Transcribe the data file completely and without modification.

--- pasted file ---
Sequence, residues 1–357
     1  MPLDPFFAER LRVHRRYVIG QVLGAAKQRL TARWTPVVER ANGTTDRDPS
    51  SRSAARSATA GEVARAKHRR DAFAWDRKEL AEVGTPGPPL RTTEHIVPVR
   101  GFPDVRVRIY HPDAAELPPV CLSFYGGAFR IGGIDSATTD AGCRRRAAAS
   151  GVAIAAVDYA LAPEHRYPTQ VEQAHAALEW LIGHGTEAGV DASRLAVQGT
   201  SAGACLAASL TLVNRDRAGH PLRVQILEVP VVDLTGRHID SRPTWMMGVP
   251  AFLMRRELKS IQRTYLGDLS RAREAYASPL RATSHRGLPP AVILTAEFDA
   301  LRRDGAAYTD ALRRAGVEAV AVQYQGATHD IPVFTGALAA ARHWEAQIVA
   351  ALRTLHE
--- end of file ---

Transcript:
Sequence, residues 1–357
     1  MPLDPFFAER LRVHRRYVIG QVLGAAKQRL TARWTPVVER ANGTTDRDPS
    51  SRSAARSATA GEVARAKHRR DAFAWDRKEL AEVGTPGPPL RTTEHIVPVR
   101  GFPDVRVRIY HPDAAELPPV CLSFYGGAFR IGGIDSATTD AGCRRRAAAS
   151  GVAIAAVDYA LAPEHRYPTQ VEQAHAALEW LIGHGTEAGV DASRLAVQGT
   201  SAGACLAASL TLVNRDRAGH PLRVQILEVP VVDLTGRHID SRPTWMMGVP
   251  AFLMRRELKS IQRTYLGDLS RAREAYASPL RATSHRGLPP AVILTAEFDA
   301  LRRDGAAYTD ALRRAGVEAV AVQYQGATHD IPVFTGALAA ARHWEAQIVA
   351  ALRTLHE